The 2001 and 2003 Tax Cuts and Small Business

PDF of this report (4pp.)

By Aviva Aron-Dine and Robert Greenstein

March 21, 2007

Key Findings

  • Tax-cut supporters often claim that the reductions in the top income tax rates enacted in 2001 are vitally important to small business owners. In fact, just 1.3 percent of tax filers with small business income benefited in 2004 from the reduction in the top income tax rate enacted in 2001. Just 2.6 percent benefited from the reductions in either of the top two tax rates.
  • Over half of the tax cuts that have gone to households with small business income have gone to the 8 percent of such households with incomes exceeding $200,000 a year. Most small business owners have not received large tax cuts.
  • The Administration classifies all wealthy investors with passive business investments as “small business owners,” regardless of whether they have anything to do with operating the business in question or have ever set foot in it. Under the Administration’s definition, President Bush and Vice President Cheney are classified as “small business owners.”

 

Related Areas of Research

The Bush Administration and Congressional supporters of the 2001 and 2003 tax cuts have often asserted that these tax cuts, and especially the reductions in the top two income tax rates, are of great value to small business.  They argue that failure to extend these tax cuts would cause significant harm to small business owners. 

An examination of the relevant data demonstrates, however, that such statements seriously exaggerate the benefits the tax cuts provide to the vast majority of small businesses.  The tax cuts have indeed provided significant tax breaks to a small, elite group of households with some small-business income.  But for the vast majority of such households, the tax cuts offer far more limited benefits, and the reductions in the top income tax rates offer no benefits at all.

Moreover, many of the high-income households that have gained the most from the tax cuts do not conform to the popular conception of a “small business owner.”  The Treasury Department’s definition of a small-business owner includes wealthy individuals, many of them passive investors, who derive only a small fraction of their total income from a small business.[1]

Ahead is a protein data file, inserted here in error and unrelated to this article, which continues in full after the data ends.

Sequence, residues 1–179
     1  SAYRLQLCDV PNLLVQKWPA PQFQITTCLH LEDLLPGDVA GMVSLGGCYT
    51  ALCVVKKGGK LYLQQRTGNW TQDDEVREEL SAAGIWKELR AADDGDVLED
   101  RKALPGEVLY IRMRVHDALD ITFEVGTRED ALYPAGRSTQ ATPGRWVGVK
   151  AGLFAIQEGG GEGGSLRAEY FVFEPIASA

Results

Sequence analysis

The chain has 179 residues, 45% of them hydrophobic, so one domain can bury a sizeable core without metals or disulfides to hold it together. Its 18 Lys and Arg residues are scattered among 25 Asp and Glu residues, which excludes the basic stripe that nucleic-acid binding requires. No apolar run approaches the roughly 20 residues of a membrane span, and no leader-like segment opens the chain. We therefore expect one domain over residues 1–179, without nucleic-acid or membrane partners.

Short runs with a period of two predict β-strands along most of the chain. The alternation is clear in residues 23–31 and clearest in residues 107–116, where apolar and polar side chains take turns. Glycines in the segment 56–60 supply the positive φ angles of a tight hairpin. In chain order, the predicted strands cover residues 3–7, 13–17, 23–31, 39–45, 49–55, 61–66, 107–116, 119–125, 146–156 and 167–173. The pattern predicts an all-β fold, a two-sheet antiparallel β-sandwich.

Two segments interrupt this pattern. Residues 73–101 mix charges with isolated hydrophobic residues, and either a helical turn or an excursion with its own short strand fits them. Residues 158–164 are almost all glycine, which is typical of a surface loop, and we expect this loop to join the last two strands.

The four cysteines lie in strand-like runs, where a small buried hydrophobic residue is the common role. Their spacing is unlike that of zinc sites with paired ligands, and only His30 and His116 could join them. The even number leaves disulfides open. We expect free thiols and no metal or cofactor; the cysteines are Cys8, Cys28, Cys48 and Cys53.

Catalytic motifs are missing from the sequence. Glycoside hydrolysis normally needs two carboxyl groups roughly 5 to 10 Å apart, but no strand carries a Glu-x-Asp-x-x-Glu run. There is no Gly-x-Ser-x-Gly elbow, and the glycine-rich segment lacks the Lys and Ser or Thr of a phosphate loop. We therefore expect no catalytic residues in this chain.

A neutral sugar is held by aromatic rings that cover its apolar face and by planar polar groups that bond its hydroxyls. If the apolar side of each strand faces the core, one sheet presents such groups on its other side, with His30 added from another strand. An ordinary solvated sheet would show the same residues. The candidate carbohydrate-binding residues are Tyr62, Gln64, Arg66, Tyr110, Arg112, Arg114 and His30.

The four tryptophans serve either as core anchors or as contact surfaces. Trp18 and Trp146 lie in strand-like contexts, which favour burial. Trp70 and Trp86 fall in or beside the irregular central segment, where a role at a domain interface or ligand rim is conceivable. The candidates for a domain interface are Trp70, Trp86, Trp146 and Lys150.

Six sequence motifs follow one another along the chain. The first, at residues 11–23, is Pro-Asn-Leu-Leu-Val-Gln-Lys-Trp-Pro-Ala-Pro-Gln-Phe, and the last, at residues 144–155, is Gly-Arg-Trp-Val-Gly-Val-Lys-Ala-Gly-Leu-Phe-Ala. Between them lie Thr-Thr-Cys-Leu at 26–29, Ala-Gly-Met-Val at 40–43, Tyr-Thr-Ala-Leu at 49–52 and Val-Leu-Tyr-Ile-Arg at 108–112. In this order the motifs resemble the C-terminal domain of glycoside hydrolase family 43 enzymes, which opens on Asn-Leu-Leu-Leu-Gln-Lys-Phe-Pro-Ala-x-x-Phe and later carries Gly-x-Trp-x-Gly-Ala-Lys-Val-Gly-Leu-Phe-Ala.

Reductions in the Top Income Tax Rates Affect Tiny Minority of Small Businesses

The 2001 tax legislation reduced the top income tax rate from 39.6 percent to 35 percent and the next-to-top tax rate from 36 percent to 33 percent.  Supporters of making these rate reductions permanent have argued that doing so is vital for small businesses.  They claim that a large share of those who face the top rate are people with small-business income, a group the Administration and other tax-cut supporters often refer to as “small business owners.”  (See discussion below of why this terminology is misleading.)

Estimates by the Urban Institute-Brookings Institution Tax Policy Center shows, however, that the number of tax filers with small-business income who face the top income tax rates represents only a tiny fraction of all tax filers with small-business income. [2] 

  • The Tax Policy Center data show that only 436,000 filers with small-business income — just 1.3 percent of all such filers — were subject to the top income tax rate in 2004 and hence benefited from the top-rate reduction.  The remaining 98.7 percent of households with small business income were not affected by this change.  (See Figure 1.)

  • Similarly, only 859,000 filers with small-business income — just 2.6 percent of all such filers — were subject to either of the top two income tax rates.  More than 97 percent of households with small business income did not benefit from either rate reduction. 

The Tax Cuts for “Small Businesses” Are Flowing Primarily to Those With High Incomes

If the reduction in the top tax rates do not affect the overwhelming majority of small businesses, the question arises as to whether the overall package of tax cuts enacted since 2001 offers something special to a broader group of small businesses. 

In fact, the tax cuts affect small business in much the same way that they affect the population as a whole.  The tax cuts enacted since 2001 have disproportionately benefited those with the highest incomes.  Similarly, the tax-cut benefits that have gone to filers with small business income have gone disproportionately to people at the top of the income scale. 

Among households with small-business income, the Tax Policy Center data show that in 2004:

  • Households whose annual income exceeded $1 million received an average tax cut of about $130,000.  This group, which encompassed only 0.6 percent of all households with small-business income, received 27 percent of all of the tax-cut benefits provided to households with small business income. (See Table 1.)

  • Households whose annual income exceeded $200,000 received tax cuts averaging $21,000.  This group encompassed 8 percent of all households with small-business income, but received more than half of the benefits that the tax cuts provided to households with small-business income.

  • By contrast, households with small-business income whose total incomes fell below $50,000 received tax cuts averaging $540.  This group constituted 45 percent of all households with small-business income; but it received 8 percent of the tax-cut benefits going to such households.